Service culture in action

In December 2013, a man came to the Clarion Hotel Arlanda Airport in Sweden with a special request. He wanted to know whether he could book a room for two on New Year’s Eve; himself and his dog. His dog had a thing about spending New Year in a hotel with champagne and caviar, and getting his paws massaged.

That last sentence is not true. His dog got very stressed because of all the fireworks. No fireworks were allowed around the airport, so the man figured this would be a safe place for his best friend.

The receptionist said: no problem. For some reason, the occupancy rates at airport hotels tend to be low on New Year’s Eve, so she was glad of the extra booking. Then she had a thought: Wouldn’t there be lots of other dogs who would just love to spend New Year’s Eve at a firework-free airport hotel? This was an opportunity. She talked to her management and they agreed. By February 2014, enthusiastic dogs had booked out the entire hotel for the following New Year’s Eve.

This story was told to me by Ida Serneberg, a Senior Digital Consultant, and is a classic example of what happens all the time in a service culture. Service professionals spend most of their day with their customers. In some service organizations, managers are mandated to spend at least 80% of their week with their customers, serving, listening, watching, spotting issues and opportunities, coming up with ideas and then testing these ideas.

If the ideas work, they become new services. And how are such ideas judged to work? Based on how customers are using them. Service design through use. That’s how digital services should be designed. Great digital service designers constantly immerse themselves in the world of their customers.

Customer experience is not about a bunch of smart designers coming up with new experiences. It’s about discovering the experiences that are already out there and designing for them. It’s about the experience that the customer wants to have, not the experience you want them to have.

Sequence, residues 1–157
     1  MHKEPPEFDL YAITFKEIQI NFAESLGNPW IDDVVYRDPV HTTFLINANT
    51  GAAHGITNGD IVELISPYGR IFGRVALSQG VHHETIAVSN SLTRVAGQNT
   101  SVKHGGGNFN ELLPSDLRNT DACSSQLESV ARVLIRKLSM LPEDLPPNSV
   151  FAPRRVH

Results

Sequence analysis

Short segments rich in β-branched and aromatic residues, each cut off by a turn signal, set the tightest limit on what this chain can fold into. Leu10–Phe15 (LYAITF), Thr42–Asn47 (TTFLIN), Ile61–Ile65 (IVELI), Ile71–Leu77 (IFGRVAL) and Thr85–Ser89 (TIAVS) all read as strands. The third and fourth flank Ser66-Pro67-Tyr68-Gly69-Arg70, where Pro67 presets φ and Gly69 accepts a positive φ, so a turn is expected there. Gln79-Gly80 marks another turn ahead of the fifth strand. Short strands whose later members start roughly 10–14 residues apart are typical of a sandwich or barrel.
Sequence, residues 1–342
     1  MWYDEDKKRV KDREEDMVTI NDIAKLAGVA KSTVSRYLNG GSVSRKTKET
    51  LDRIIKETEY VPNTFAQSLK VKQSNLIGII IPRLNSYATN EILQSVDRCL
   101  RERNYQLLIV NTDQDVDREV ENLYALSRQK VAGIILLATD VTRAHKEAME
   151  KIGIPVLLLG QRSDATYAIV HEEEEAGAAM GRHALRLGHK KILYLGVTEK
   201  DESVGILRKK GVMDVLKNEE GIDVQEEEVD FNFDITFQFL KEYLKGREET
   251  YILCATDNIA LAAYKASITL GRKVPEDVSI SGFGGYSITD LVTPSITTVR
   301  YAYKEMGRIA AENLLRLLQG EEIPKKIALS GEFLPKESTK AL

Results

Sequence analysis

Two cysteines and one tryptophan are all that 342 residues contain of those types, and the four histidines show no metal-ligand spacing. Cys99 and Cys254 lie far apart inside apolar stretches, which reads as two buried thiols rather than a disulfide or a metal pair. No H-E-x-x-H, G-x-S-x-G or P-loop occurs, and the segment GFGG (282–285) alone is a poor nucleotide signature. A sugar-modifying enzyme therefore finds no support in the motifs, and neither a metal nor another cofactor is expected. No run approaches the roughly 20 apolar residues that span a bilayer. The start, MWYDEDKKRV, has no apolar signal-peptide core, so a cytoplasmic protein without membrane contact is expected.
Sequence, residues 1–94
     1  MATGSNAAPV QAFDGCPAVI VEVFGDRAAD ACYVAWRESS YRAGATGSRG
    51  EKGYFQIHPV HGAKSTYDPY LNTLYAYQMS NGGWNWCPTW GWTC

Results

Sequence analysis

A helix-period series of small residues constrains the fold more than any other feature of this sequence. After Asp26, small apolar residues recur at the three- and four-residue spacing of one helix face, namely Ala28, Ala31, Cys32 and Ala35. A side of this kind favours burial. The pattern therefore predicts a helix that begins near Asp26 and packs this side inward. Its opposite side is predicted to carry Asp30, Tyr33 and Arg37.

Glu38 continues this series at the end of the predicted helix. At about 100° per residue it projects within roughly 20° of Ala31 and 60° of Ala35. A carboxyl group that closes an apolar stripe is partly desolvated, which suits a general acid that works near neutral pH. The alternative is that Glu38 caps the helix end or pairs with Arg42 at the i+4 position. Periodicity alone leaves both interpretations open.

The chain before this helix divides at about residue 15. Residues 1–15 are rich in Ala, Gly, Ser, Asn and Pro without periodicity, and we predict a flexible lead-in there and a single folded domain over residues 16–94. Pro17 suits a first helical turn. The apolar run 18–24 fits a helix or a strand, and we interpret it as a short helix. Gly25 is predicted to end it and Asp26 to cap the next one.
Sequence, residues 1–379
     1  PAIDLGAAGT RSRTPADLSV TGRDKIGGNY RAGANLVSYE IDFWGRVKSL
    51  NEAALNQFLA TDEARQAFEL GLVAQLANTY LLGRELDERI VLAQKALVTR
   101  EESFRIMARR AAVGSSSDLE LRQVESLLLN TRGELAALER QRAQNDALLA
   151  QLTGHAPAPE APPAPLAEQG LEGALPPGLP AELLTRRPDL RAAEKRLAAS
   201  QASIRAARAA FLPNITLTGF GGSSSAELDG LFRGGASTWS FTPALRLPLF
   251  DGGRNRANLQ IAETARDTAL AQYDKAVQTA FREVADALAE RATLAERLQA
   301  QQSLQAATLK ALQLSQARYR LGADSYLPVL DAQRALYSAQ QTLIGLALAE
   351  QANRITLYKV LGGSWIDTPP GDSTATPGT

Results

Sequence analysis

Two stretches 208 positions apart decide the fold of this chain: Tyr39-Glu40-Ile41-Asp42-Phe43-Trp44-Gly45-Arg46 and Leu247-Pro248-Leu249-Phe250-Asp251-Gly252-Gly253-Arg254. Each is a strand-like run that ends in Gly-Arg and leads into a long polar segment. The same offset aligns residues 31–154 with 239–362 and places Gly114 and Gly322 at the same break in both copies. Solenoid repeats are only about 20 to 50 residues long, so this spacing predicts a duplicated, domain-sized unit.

Customer experience, customer centricity and customer obsession are about putting the customer first. Service design requires humility, openness, deep listening. Service design is NOT about you. You are NOT the customer. In fact, you are often the OPPOSITE of the customer. You know too much. You’ve been on the inside for too long.

If we work for an organization then we must accept that our default culture is organization experience, organization centricity, organization obsession. That’s how you get ahead in a traditional organization who has no history of delivering services. The greatest enemy of future success in today’s customer-empowered world is not the competition but the organization itself.

Years ago, a search analyst at the BBC noticed that when people searched for “planets” on the BBC website, very few were clicking on the search results. Clearly, the results people were getting were not meeting their expectations. The analyst wondered why. Most of the results were for a program about the sea called The Blue Planet. The analysts had a hypothesis. Were people searching for outer space and ending up in the sea? So, he added some solar system results for “planet” searches. Lots of clicks. Success.

Search is a type of macro digital service. That BBC analyst was doing essentially the same thing as the hotel receptionist. Understanding the customer. Meeting an unmet need. That’s service, digital or physical.

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